- Dec 28, 2012
- Reaction score
- Zebulon, NC
I have done my research and my math.
A sheep requires 2% of their body weight in dry matter per day during maintenance. A 150 lb ewe will need 3 lbs of dry matter per day. Fodder is about 80% moisture. So 3 lbs of DM / 20% DM in fodder = 15 lbs of fodder needed to feed each sheep daily to meet their maintenance requirements.
Compare that to hay, which is about 85% DM on average... 3 lbs of DM / 85% DM in hay = 3.53 lbs of hay needed to feed each sheep daily to meet their maintenance requirements.
Let's say you can grow 500 lbs of fodder for $11 (the cost of a 50 lb bag of barley at the feed store). That is $0.022/lb. Doesn't sound bad at all, does it? (Though that does not include the capital costs of the growing system or the daily maintenance.) Well...when you think of the amount you have to feed (the 15 lbs), then it is $0.33 per sheep per day.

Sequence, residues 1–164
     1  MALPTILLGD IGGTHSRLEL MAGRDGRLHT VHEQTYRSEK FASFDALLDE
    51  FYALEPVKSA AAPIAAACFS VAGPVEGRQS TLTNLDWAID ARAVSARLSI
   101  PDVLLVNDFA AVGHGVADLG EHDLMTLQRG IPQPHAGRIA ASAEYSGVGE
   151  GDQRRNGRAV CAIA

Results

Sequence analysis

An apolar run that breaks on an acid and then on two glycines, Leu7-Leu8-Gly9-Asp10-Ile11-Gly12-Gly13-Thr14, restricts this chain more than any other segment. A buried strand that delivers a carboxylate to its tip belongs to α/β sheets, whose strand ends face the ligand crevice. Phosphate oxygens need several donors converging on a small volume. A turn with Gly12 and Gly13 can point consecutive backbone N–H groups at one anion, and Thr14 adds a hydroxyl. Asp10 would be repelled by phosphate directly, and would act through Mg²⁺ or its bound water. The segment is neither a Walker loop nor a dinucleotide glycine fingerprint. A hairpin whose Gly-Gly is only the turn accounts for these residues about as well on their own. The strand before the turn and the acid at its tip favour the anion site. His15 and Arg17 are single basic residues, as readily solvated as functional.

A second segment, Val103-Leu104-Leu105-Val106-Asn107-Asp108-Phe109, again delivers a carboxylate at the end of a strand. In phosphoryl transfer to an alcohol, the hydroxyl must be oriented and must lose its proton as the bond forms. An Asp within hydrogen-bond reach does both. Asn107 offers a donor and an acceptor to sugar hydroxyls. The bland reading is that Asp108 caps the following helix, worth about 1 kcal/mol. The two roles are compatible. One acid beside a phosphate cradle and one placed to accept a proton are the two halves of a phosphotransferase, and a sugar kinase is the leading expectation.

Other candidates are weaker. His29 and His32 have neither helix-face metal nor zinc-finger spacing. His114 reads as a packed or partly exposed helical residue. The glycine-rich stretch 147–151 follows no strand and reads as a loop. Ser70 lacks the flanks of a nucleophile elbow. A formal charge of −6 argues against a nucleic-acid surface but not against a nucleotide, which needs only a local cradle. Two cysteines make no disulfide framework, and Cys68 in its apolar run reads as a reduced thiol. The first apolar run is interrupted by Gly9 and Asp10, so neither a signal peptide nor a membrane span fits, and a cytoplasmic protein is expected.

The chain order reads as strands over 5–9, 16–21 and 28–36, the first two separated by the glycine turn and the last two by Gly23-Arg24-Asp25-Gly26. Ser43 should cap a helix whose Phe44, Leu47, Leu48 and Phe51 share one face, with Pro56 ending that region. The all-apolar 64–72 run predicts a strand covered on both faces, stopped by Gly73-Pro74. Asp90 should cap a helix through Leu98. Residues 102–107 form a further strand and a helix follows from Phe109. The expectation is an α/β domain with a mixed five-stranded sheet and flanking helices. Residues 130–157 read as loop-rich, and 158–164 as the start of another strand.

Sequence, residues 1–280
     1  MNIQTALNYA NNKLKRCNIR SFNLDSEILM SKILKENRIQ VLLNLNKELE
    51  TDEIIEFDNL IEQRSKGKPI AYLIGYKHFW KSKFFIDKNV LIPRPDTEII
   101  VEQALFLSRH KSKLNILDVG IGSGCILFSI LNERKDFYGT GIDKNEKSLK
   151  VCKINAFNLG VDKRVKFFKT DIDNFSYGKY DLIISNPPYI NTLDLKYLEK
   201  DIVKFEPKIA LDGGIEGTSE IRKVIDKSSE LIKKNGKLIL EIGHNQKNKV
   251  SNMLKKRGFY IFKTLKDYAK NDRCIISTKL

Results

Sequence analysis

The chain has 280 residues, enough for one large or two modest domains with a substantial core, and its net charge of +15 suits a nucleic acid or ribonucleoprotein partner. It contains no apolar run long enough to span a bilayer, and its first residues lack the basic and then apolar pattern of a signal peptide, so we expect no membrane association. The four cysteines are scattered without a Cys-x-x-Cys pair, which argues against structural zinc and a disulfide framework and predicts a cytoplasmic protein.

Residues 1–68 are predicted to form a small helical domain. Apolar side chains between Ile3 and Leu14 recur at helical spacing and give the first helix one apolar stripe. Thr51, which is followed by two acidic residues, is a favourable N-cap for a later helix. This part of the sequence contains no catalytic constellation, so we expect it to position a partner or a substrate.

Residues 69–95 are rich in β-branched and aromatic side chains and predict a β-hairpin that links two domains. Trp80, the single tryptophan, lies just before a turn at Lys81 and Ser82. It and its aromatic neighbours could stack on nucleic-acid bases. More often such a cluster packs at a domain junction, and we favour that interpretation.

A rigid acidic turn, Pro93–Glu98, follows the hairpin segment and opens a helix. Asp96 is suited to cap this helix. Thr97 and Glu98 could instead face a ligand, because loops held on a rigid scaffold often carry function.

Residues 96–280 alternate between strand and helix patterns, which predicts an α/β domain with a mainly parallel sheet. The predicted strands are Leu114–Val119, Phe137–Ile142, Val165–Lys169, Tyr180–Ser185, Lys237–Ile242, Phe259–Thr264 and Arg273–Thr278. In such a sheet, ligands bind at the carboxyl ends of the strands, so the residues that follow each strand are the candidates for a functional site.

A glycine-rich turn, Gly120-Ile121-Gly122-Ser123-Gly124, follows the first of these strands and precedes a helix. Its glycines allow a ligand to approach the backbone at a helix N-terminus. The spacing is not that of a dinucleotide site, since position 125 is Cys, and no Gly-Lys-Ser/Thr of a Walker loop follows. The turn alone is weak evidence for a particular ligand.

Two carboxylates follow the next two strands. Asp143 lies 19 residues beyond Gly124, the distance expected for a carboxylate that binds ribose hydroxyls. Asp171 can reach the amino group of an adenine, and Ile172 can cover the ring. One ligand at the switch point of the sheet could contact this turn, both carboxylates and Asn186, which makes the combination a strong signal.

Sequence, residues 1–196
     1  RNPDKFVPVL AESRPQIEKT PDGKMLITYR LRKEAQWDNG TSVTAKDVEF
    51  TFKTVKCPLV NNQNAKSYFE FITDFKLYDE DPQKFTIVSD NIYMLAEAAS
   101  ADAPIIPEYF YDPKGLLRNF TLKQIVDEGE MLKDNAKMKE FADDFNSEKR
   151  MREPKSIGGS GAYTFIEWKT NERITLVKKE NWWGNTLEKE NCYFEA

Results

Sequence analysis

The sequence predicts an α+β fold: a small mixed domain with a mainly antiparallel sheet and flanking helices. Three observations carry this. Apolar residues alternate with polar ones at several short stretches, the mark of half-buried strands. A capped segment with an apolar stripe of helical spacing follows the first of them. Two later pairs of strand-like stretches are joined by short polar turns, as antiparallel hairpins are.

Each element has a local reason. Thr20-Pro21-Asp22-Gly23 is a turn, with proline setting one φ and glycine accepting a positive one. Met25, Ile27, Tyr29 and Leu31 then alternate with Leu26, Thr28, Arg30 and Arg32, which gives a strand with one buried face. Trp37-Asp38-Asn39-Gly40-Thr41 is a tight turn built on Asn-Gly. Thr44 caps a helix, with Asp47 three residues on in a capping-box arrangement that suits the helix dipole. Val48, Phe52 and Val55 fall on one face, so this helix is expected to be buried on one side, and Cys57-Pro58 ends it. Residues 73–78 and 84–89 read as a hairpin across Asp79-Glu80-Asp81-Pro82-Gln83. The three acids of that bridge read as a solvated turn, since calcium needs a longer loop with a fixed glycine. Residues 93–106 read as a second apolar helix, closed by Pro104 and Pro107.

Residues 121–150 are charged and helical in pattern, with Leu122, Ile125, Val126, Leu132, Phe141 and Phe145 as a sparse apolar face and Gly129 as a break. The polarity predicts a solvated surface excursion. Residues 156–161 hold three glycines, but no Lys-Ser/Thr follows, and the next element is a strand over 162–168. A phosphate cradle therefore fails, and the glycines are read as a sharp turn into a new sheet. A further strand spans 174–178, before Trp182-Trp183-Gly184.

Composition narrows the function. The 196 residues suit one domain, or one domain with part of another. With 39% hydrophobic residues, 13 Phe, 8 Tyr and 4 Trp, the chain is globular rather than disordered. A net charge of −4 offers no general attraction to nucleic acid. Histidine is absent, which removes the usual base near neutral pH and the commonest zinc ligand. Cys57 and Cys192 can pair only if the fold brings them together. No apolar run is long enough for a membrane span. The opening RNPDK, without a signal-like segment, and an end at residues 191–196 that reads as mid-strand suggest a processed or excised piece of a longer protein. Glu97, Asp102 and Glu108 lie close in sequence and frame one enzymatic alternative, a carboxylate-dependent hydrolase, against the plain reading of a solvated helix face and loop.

Or you could feed 3.53 lbs of hay per day. In my area I purchase hay for $0.0625/lb. (Though recently I paid $0.09/lb for hay ) That amount is about $0.22 per sheep per day. OR with the amount I recently paid for hay, $0.32 per sheep per day.
If you have five sheep, that is the difference between $1.65 (fodder) and $1.10 (hay) over the course of a day. Over the course of a month, that is $49.50 for fodder or $33 for hay. If you feed this over the course of a year, it will cost you around $40 more every year per animal to feed fodder (again, not including set up costs). When you have hay, you can just buy it straight from another farmer (though storage can be an issue, but even still you can have hay under a tarp outside if you lack a barn or other structure). Again, in this example I am using the prices in my area...if fodder pencils out for you then by all means use it. But it is not a viable feed source for me.
Not to mention the effort. I wouldn't have the time with the number of animals I have.